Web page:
As a rule of law advisor in Afghanistan, my observation of the Army’s approach to communicating, understanding, and “decoding” Afghan society may be best described as a plug-and-play process that often did not foster relationships or communication. Instead, combat units attempted to adapt by assuming roles for which they were not trained adequately. My mission brought me in regular contact with State Department officials who were engaged in activities that were ultimately directed toward the same objective (that is, to develop judicial capacity and trust in the military and government). Our mission activities, specifically communicating and connecting with Afghans at various levels and capacities within the government and the Afghan National Army, overlapped and at times conflicted in execution, resulting in frequent confusion and mixed messages.

The creation of SFABs and the DLITE contract may serve the Army well. A broader focus, though, is necessary. Army Chief of Staff General Mark Milley is right on target with the creation of SFABs as a strategic requirement that will shape the success of future contingency operations.17 Now, the rest of DOD needs to follow his lead.

The Security Force Assistance Command

A joint, functional Security Force Assistance Command (SFAC) should manage security force assistance needs of the combatant commanders and have management oversight of language and cultural training requirements across DOD. SFAC should mirror to a significant degree the State Department’s Foreign Service Institute, be jointly resourced, and be structured and staffed to ensure flexible and responsive support to combatant commanders, while at the same time meeting the more enduring, long-term needs of the Intelligence Community. Initial approaches to standing up the SFAC might proceed as follows.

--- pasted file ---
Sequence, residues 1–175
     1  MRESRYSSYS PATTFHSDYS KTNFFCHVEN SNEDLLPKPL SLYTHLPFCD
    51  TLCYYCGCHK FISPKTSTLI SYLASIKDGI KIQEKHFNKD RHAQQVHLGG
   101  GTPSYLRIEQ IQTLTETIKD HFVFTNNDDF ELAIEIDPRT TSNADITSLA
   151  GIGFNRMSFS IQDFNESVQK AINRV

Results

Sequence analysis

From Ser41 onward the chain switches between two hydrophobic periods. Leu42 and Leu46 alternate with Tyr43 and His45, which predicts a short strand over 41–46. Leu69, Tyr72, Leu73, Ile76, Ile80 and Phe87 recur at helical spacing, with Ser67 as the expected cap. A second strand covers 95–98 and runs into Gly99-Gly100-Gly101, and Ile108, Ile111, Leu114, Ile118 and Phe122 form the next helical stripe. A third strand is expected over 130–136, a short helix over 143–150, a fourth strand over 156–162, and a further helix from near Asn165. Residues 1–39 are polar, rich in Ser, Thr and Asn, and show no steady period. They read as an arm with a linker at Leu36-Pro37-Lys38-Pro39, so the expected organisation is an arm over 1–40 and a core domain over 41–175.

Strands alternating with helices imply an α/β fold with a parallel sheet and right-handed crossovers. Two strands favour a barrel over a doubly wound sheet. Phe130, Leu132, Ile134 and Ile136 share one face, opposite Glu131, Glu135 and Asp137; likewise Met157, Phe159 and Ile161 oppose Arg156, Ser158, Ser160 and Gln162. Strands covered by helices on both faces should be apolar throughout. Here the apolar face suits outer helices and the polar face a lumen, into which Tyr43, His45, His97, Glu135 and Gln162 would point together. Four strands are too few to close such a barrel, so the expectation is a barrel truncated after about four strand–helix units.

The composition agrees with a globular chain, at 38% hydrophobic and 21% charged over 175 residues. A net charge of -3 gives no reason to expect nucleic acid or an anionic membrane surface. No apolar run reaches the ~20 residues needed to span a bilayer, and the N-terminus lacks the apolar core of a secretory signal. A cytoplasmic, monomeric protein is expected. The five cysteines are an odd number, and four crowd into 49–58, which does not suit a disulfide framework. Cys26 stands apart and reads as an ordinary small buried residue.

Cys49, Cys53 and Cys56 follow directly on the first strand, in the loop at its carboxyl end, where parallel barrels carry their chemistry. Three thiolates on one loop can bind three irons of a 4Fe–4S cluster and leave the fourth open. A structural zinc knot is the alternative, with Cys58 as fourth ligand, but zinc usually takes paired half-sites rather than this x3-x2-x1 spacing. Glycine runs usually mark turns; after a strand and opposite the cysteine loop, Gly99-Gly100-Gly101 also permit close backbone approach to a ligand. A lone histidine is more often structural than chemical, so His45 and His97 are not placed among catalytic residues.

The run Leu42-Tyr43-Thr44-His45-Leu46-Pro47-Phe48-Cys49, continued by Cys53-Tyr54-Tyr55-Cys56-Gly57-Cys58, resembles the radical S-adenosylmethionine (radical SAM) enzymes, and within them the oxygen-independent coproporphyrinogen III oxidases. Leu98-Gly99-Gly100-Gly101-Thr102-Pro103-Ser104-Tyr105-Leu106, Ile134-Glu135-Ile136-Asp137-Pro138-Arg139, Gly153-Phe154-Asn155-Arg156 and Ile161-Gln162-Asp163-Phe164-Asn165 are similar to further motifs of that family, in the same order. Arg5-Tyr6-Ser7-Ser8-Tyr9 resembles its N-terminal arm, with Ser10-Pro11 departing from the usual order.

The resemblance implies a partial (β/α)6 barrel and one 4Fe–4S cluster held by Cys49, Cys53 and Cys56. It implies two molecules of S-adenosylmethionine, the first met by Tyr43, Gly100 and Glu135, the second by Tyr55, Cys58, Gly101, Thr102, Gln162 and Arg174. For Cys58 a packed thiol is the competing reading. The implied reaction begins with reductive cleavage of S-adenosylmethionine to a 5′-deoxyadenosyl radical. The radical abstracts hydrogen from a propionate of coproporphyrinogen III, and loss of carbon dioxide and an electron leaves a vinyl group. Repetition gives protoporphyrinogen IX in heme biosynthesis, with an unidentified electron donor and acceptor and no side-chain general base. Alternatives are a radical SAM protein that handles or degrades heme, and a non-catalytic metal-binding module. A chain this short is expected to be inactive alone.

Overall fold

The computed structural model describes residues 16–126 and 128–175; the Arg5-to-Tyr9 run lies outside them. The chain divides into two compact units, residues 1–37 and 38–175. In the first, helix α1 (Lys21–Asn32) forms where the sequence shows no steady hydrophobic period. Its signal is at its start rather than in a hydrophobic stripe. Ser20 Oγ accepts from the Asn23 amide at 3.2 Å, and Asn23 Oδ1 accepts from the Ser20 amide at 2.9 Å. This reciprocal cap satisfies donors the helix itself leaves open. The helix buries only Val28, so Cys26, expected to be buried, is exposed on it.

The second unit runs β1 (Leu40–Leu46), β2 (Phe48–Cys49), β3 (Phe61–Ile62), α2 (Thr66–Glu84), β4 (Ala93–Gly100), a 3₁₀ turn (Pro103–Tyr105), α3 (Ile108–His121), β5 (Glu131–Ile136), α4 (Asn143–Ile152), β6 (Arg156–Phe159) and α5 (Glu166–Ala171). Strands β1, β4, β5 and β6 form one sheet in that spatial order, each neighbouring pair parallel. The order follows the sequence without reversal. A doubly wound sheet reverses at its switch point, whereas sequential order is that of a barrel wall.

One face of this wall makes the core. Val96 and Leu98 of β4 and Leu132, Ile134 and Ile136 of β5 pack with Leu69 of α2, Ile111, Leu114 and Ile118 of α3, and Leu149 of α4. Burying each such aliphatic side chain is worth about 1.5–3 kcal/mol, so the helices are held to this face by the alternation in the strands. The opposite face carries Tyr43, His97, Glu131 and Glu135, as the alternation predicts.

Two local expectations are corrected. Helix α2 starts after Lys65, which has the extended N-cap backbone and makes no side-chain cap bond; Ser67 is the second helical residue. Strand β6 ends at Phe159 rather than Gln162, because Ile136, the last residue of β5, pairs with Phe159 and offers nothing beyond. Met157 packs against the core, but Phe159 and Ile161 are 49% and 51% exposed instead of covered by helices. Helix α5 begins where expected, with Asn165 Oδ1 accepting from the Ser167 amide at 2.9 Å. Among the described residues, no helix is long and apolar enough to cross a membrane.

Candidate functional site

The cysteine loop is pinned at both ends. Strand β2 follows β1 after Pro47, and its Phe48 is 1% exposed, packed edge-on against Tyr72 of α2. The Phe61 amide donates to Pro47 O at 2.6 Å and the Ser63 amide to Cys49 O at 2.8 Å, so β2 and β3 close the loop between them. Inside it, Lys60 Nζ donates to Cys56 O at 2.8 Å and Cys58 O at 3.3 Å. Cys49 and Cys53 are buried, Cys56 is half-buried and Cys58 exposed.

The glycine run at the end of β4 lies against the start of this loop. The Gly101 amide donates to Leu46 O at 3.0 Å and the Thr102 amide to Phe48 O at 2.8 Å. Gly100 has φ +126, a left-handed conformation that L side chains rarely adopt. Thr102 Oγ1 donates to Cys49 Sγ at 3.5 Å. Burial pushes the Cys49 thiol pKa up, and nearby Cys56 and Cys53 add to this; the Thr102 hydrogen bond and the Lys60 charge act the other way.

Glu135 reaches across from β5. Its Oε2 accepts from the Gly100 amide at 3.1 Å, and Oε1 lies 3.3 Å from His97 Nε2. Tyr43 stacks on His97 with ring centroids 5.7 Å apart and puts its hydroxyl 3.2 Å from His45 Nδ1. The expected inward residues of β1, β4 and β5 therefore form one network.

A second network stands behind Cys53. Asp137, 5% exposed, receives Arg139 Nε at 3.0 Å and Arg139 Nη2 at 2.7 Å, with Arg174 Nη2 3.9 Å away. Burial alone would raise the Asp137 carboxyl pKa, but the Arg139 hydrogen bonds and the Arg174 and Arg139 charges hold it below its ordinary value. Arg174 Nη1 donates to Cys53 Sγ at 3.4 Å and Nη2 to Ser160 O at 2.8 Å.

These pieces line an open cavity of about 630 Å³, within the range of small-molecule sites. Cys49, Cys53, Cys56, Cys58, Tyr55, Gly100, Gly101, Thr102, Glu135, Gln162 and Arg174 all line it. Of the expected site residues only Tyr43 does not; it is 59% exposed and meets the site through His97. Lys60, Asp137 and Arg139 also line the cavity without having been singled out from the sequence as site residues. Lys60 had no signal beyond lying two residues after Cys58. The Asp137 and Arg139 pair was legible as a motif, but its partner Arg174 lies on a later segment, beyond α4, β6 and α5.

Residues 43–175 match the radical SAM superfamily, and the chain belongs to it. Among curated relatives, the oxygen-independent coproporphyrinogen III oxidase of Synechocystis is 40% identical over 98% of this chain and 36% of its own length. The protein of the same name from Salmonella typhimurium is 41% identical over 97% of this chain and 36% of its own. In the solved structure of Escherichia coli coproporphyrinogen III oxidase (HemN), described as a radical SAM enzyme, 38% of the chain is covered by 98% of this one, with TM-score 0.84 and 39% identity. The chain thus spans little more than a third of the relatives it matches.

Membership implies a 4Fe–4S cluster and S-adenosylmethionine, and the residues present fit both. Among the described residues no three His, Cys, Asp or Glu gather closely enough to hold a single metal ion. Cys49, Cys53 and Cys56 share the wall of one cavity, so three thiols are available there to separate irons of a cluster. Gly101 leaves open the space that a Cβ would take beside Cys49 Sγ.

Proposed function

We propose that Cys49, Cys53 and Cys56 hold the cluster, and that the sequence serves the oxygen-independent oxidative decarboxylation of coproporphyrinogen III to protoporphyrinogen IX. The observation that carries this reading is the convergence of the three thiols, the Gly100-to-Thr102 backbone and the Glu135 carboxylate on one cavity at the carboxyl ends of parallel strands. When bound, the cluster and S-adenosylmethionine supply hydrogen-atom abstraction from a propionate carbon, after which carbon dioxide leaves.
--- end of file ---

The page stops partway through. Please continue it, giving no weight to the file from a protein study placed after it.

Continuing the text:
First, we should recognize that our performance of security and assistance missions of the recent past—specifically in Iraq and Afghanistan—indicate inadequate language and culture training of Soldiers and other Servicemembers. We can do better.

Second, there is clear recognition, certainly within the Army, of the challenges associated with security force assistance mission requirements. SFABs are a step in the right direction. Six SFABs are planned, along with a Military Advisor Training Academy at Fort Benning, Georgia. The academy will train Soldiers to handle many postconflict security assistance and civil-military cooperation requirements. Language and culture will be a significant piece of the training. In adapting to better meet the security force assistance missions, the Army and DOD should consider exploring synergies and collaboration across the Services, intelligence agencies, and State Department.